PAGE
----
A concerted approach towards rewilding is necessary in order to restore ecosystem function, conserve species, habitats and resources. We now have a greater awareness regarding the means by which potential human/animal conflict may be minimised, resulting in an increase in successful reintroductions of large carnivores. This knowledge can be used to support the process of rewilding when extrapolated to other regions.
A number of research projects that have looked at factors influencing successful reintroductions were used as a basis for Wolf and Ripple’s work. Factors such as critical reserve size, edge effects, availability of prey, presence of established competitors, and the ecology/life-cycle traits of species were taken into account.
This particular research project was motivated by the urgent need to address carnivore decline. The primary goal being, for each large carnivore species selected for the project – 25 in total – to identify specific protected areas and other areas where the likelihood of successful reintroduction may be high, providing data on likely predictors of reintroduction success for each region. Taken as a whole, the analysis serves as a “preliminary, data-driven assessment of global rewilding possibilities”.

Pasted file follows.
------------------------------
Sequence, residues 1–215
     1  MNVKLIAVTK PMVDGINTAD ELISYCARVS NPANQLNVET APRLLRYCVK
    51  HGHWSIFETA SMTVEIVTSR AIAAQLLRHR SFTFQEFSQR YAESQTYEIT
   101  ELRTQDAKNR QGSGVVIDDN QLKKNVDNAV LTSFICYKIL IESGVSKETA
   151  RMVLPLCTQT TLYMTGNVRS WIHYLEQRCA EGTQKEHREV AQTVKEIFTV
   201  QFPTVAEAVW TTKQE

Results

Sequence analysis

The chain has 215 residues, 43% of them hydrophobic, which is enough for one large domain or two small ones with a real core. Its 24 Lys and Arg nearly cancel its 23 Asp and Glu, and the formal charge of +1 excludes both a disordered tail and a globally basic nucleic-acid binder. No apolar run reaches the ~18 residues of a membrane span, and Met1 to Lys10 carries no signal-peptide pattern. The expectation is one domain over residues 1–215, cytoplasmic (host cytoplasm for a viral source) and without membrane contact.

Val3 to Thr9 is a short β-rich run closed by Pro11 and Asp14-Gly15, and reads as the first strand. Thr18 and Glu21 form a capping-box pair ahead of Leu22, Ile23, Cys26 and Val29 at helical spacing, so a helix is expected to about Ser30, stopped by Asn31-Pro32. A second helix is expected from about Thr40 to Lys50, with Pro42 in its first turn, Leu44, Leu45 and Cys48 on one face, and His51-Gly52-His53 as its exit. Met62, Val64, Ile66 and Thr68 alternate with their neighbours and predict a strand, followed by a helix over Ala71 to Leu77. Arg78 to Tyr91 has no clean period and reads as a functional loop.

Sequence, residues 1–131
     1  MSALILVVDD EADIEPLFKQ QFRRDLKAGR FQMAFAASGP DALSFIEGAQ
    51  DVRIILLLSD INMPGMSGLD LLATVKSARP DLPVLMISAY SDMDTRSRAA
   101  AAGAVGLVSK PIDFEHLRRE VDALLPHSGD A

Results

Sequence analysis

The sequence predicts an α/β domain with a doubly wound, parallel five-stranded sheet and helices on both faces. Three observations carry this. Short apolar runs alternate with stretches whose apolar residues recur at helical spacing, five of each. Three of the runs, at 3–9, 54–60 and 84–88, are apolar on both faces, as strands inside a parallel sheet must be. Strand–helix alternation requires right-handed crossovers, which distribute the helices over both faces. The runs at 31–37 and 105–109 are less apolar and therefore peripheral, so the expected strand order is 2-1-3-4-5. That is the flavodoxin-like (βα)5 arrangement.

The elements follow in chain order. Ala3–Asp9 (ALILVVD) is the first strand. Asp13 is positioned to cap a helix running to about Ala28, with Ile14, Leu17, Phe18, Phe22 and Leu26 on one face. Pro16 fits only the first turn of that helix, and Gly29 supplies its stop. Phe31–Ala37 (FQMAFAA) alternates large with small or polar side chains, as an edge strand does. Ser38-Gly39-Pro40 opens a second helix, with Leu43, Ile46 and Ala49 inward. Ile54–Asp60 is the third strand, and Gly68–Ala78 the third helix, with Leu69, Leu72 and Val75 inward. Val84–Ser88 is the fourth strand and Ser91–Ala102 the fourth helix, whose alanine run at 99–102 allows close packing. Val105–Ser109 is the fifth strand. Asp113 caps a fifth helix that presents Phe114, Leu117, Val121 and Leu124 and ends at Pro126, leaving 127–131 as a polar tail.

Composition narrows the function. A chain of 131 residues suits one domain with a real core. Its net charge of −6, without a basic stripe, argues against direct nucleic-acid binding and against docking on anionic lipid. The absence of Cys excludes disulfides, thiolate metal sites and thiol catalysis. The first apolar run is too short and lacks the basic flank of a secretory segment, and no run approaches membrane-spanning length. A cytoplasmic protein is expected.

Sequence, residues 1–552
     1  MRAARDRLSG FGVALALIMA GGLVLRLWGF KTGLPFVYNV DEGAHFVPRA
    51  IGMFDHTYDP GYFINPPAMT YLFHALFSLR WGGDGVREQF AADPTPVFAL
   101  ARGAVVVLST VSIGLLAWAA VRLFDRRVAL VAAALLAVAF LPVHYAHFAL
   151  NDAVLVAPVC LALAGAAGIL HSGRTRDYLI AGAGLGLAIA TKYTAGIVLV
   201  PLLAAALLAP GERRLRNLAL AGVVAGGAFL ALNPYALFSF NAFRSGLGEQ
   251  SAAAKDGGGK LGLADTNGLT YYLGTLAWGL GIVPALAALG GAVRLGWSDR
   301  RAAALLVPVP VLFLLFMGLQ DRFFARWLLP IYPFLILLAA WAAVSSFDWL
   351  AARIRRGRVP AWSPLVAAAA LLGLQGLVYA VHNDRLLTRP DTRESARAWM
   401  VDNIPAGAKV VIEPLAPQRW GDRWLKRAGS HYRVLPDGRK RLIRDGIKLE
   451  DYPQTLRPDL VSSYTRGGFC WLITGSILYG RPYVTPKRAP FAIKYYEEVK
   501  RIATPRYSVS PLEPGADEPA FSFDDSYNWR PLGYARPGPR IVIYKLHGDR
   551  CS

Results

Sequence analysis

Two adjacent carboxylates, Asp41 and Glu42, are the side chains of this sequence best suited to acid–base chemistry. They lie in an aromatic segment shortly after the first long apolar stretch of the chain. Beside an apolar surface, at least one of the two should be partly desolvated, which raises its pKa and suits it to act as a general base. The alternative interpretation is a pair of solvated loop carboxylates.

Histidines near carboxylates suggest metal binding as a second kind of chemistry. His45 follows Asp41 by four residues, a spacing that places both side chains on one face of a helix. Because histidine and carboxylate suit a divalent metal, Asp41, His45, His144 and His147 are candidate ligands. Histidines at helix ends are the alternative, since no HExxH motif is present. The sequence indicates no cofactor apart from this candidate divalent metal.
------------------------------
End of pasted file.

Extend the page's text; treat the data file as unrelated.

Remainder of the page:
The carnivores selected for the research project comprised those where comprehensive information was available regarding their historic and current range; the areas where the species had previously been recorded but were no longer present, comprised the main geographic focus for the consideration of possible reintroductions.
The first parallel analysis saw the researchers focus on protected areas that have been issued with the highest level of protection. They mapped where these areas overlapped a species’ previous range, using reserve size as the primary criterion to determine the protected areas best suited for reintroduction, in addition to current carnivore status within the individual reserve.
The second strand of analysis looked at the 2009 global human footprint map. This map illustrates the impacts of humans on the environment, based on source data including maps of roads, night-time lights, land cover and human population density. The ‘last of the wild’ methodology was then used to determine large, relatively intact areas within the previous ranges of each large carnivore species – ‘last of the wild’ regions are defined as contiguous regions within a larger region that are in the bottom 10% in terms of human footprint. The researchers focused on the largest six regions for each carnivore species to match the protected area analysis that was undertaken.